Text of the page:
Do power cuts serve Israeli interests?

The Egyptian government has some explaining to do after links have been made between its electricity cuts this summer and the sale of Egyptian natural gas to Israel.

When a 15-year deal to supply Egyptian natural gas to Israel was concluded five years ago, opposition parties and movements rejected it on both political and economic grounds. First, they argued that since Israel represents a menace to Egyptian national security it should not be supplied with such a strategic commodity. Second, they said the fixed-price agreement allows Israel to purchase gas at a discounted rate far below international prices, without giving Egypt any room to adjust prices in accordance with the global market.

But there is a third reason why we should reject this deal: The gas being exported to Israel is in fact needed to light our homes and operate our factories.

The Ministry of Electricity recently confessed that it adopted the current load-shedding policy after the Ministry of Petroleum reduced gas supplies to the Egyptian Electricity Holding Company by two percent in 2004–one year before Egypt signed the deal with Israel.

Egypt’s electricity grid runs mainly on natural gas or, as a less-efficient substitute, diesel. Reduced gas supplies and poor-quality alternatives have forced the government to intentionally engineer power outages, a policy which has caused damages that are yet to be assessed.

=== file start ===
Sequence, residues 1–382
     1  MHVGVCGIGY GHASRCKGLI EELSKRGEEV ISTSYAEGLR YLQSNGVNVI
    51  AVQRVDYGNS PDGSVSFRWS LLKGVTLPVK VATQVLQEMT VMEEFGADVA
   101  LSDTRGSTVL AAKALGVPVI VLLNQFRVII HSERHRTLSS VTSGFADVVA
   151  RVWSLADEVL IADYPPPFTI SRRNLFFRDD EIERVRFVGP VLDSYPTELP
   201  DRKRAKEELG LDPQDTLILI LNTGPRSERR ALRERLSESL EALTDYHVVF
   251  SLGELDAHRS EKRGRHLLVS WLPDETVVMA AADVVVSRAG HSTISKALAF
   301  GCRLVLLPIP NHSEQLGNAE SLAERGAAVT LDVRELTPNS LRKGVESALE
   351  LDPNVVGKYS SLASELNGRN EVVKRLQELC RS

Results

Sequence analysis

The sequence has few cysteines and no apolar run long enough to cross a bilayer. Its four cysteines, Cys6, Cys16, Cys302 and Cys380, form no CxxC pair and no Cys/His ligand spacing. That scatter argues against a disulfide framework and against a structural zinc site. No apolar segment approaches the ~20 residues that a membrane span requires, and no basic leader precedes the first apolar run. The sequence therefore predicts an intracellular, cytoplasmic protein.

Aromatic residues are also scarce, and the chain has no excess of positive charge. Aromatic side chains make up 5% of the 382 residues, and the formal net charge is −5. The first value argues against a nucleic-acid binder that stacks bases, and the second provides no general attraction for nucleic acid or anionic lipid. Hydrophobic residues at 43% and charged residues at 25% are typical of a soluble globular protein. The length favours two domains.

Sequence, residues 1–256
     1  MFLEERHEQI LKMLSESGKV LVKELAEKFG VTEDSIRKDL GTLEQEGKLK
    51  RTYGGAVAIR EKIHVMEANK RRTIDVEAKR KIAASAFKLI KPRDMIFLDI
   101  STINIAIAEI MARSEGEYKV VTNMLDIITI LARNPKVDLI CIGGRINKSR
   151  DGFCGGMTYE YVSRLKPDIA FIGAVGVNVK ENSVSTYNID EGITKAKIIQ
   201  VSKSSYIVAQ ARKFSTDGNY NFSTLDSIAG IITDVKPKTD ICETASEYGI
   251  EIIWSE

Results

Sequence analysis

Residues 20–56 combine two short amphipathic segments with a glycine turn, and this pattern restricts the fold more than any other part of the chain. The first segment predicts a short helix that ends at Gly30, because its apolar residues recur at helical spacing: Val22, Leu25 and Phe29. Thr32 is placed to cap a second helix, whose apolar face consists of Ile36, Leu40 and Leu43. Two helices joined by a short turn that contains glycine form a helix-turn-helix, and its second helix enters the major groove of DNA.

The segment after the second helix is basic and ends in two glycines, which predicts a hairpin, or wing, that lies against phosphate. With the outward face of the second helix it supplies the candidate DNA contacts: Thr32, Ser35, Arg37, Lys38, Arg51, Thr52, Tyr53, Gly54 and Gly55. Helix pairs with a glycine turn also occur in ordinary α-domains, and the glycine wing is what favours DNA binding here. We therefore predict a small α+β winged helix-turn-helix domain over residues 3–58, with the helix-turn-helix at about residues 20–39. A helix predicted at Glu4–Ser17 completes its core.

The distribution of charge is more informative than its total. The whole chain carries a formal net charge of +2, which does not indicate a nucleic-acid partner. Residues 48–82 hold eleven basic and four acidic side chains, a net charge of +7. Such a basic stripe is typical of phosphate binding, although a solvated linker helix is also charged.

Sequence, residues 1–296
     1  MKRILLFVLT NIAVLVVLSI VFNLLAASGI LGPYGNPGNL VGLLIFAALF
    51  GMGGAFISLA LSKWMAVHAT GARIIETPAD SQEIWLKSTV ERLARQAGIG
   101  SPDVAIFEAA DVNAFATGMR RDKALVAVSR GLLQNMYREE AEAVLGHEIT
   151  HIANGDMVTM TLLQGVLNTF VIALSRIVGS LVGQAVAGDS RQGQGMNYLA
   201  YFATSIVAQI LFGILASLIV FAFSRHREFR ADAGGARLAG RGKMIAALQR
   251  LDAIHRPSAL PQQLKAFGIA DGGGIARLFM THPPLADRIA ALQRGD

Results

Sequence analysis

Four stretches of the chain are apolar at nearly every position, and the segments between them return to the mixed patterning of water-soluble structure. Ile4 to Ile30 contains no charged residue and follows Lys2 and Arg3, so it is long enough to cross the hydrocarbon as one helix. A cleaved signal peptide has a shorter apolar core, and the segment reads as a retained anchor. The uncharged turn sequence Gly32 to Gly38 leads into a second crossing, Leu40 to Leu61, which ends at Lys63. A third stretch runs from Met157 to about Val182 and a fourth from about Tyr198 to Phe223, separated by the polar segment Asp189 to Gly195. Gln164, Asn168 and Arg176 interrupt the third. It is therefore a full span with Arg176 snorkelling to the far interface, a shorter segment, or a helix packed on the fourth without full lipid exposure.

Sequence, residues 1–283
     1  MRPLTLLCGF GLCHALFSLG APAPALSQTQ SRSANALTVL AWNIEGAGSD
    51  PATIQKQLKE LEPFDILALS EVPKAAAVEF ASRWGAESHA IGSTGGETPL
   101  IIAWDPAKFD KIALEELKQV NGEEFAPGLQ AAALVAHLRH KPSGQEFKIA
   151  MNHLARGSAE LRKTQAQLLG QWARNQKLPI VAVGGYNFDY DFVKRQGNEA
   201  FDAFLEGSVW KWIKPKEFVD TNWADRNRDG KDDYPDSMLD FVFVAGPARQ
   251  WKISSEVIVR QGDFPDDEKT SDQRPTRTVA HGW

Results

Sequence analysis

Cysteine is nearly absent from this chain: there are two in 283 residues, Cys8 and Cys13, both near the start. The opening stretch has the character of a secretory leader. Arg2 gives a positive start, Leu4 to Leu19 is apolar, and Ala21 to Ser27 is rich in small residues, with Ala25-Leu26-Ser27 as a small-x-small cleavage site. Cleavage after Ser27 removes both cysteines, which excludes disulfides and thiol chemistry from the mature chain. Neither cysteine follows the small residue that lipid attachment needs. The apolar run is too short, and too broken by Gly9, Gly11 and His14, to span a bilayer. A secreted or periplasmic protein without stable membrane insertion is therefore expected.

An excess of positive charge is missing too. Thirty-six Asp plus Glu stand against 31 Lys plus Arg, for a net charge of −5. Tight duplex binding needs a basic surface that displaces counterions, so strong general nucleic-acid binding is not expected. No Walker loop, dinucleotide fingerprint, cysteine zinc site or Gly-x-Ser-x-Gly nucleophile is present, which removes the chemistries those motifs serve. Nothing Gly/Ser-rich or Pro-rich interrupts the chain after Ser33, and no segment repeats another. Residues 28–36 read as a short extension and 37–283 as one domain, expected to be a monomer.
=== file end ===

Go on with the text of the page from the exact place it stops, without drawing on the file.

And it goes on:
The efforts of Ibrahim Youssri, a lawyer and former ambassador to Algeria, as well as other Egyptians keen on protecting their country's interests culminated in a Supreme Administrative Court ruling last February to suspend gas exports to Israel. The court rejected the gas deal on economic grounds, saying that it lacked a mechanism to periodically review the quantities and price of gas delivered to Israel.

The court called for a regular review of Egyptian gas rates in light of global price fluctuations, with a view to protecting Egypt’s national interest. It further stated that Egyptian natural gas must be exported only after local needs have been satisfied.

The government's insistence on ignoring the Administrative Court’s ruling–which is final and binding–is unjustified and disrespectful to the judiciary.

The current power crisis has amply demonstrated that the government is delivering gas to Israel at the expense of local needs A court ruling is no longer necessary as a basis to demand the abolition of an unfair deal.

When the recent wildfires in Russia swallowed up the country’s wheat harvest, the Russian government immediately decided to halt its wheat exports. The decision was understandable since governments should not normally sell a locally-needed commodity to other countries–let alone to a long-standing enemy.

The Egyptian government should learn from this experience and immediately stop exporting our gas to Israel. Otherwise, it risks being perceived as granting privilege to Israeli interests over those of its own country.

Translated from the Arabic Edition.

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